Wednesday, November 27, 2019

For the youth. . .

How many things have been foisted upon the Church with the appeal “We must do it for the young people?  So much damage has been done to the faith by those (and I will be charitable) well meaning folks who presumed their own preference upon youth and insisted that something must be done in order to attract or keep youth.  We have endured everything from contemporary music which was contemporary to no one to staged goofiness and irreverence designed to make people feel at ease and at home in the House of God.  And where has it left us?

I write this as one who positively hated the nine hundred stanzas of the German dirges that were sung over and over again in my home Lutheran congregation.  Yet, even as a youth growing up hating those hymns, I would have gladly endured them again and again over the ridiculous pablum of folk music that began to inhabit churches in the 1960s and 1970s.  Though we Lutherans have "wised up" and chopped off most of those stanzas, I would still gladly sing 27 stanzas of one of those old chorales that actually said something to the vacuous repetition of meaningless phrases that passes for contemporary Christian music (CCM) today.

The whole idea of youth ministry presumed that our youth did not have the intellect, stamina, or piety to accept the faith whole and undiluted and so it had to be repackaged into some kind of strained mush flavored with the taste of the moment in order to get them in the doors or keep them there.  It all began with a lie we told ourselves about youth and it became the means by which we cleverly snuck in our own preferences for music with a beat, words without meaning, and liturgy that was more about me than about God.

Now I am not at all suggesting that everything would have been hunky dory in the Church if we had left the poisoned fruit of "We must do it for the young people" alone.  The times were changing and it was not going to turn out well -- sexual revolution, drug culture, anti-institutional sentiment, and the like was not going to skip over the church's youth.  It was always going to be hard.  But we robbed those same youth of their anchors in the faith of their fathers and we left them even more vulnerable to the doubts and disdain of that period.  We can and must repent of what was done then but even more we ought to learn a lesson.  Shallow teaching, catechism lite, music that sounds like their playlist, and church that is fun prepares no one for a life as God's baptized child and sets up those same youth to fall into the great temptation to cut and run.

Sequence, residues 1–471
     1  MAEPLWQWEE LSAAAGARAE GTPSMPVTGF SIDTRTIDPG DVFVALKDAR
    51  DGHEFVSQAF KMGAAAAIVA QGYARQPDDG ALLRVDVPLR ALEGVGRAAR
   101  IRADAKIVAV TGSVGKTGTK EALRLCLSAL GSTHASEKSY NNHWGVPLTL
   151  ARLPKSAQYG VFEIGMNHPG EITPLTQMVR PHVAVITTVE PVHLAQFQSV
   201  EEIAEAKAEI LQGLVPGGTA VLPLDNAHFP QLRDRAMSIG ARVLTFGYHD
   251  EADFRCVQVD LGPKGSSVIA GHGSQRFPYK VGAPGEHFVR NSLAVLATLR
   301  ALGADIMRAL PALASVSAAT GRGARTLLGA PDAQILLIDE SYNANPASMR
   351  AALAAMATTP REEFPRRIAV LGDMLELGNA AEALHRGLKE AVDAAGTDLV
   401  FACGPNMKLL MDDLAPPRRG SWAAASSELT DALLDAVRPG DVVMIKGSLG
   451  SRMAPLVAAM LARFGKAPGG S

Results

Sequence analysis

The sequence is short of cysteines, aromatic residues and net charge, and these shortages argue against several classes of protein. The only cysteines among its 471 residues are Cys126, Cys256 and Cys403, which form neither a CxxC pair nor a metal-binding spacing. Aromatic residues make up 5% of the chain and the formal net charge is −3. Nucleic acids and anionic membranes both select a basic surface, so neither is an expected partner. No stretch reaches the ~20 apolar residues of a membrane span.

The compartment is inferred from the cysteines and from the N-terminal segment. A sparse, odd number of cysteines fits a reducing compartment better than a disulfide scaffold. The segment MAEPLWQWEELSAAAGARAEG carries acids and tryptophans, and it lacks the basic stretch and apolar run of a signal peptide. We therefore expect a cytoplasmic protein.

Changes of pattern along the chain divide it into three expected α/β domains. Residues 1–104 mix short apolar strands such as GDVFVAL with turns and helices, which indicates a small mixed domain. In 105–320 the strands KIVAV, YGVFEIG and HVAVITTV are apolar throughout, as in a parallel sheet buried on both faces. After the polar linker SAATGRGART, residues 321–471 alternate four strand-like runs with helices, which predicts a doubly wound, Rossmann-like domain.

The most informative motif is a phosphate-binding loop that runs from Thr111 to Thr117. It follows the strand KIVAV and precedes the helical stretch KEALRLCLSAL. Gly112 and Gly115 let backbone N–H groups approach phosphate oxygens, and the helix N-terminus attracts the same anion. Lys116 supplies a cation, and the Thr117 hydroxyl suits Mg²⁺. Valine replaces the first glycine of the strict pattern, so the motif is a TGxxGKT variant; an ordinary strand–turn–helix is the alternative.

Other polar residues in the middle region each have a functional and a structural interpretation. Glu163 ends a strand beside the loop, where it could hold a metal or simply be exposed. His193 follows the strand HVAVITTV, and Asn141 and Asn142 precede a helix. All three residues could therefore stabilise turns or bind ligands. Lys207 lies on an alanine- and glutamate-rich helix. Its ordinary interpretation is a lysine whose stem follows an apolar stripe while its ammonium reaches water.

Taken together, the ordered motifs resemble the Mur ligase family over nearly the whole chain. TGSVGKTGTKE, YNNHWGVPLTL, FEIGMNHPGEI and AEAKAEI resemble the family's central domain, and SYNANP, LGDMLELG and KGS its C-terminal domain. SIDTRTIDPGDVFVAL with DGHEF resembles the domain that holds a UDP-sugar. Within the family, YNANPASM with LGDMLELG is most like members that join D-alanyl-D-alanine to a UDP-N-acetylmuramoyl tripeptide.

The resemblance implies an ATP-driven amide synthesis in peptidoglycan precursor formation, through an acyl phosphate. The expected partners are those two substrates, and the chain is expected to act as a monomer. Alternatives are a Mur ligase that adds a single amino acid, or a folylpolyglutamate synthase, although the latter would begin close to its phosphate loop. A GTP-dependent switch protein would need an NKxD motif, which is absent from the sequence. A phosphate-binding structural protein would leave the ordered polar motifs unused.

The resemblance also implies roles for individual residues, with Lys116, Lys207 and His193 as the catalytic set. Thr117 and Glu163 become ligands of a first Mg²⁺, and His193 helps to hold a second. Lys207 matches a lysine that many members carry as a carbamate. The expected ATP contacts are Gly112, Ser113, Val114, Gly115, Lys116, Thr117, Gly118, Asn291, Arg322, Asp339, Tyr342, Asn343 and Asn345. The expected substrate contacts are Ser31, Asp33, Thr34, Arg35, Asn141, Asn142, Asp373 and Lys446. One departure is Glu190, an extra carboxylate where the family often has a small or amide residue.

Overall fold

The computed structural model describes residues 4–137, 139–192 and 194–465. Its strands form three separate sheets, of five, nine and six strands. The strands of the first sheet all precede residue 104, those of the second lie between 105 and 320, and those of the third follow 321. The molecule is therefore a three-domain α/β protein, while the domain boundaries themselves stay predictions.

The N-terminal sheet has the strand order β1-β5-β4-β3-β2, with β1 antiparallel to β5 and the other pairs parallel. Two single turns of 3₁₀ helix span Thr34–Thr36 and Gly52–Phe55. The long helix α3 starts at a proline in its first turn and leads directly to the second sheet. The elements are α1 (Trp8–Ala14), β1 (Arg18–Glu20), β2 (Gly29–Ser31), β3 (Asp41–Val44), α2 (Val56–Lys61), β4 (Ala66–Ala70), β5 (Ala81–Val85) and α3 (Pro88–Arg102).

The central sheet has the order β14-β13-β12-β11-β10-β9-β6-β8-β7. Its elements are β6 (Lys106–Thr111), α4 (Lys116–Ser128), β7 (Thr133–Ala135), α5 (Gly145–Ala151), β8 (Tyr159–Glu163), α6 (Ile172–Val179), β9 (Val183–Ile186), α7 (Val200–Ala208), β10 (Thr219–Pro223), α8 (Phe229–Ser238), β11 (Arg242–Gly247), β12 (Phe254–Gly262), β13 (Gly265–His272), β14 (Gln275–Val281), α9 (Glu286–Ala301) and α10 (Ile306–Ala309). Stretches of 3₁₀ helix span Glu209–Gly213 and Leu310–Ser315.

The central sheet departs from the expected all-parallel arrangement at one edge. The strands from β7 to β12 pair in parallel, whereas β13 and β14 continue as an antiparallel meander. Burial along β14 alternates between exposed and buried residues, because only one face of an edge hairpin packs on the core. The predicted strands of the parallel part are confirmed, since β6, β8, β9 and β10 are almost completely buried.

The sad reality is that over the many years we have seen decline (since 1971 at least) we have been toying with worship and catechesis as if these were ours to tinker with.  Dare it be said that those whom we lost we might never have had at all?  Could it be that we sold them an illusion of what church was and never introduced them to the faith of their fathers handed down from one generation to another?  Did we set them up to fail by failing to give them the solid food while feeding them on baby food that was not solid enough to nurture a faith that would endure?

Do me a favor.  Don't do anything for my grandchildren or my children but teach them the faith, introduce them to the richness of the liturgy in the Divine Service, sing into them the sturdy hymns of old, guide them to live out their baptismal vocation as a child of God by water and the Spirit, and feed them the most real bread of all in Christ's flesh for the life of the world and the truest fruit of the vine in His blood that cleanses us from all our sin.  Then they may have a chance.  If we cater to their youth and give them less that the Way, the Truth and the Life, we have sunk them for sure.

1 comment:

John Joseph Flanagan said...

We have to remember that the changes across most denominations to update the style of worship and music began during the American cultural revolution of the 1960's as a post modern movement. It is true that Catholic and Lutheran churches, as well as other mainline Protestant bodies saw the need to appeal to the youth in order to grow. They sought to be culturally relevant, and much damage was done as a result, Many churches were closed despite their best efforts to bring in young people. Also, some of the changes came about by way of Christian academics in Christian colleges and seminaries, where liberalism on steroids became entrenched in some quarters, If we view the idea of change correctly, one understands that not all changes are good, not all are bad. They must be weighed and examined. Also, we need to be in God's will, and Biblicly faithful.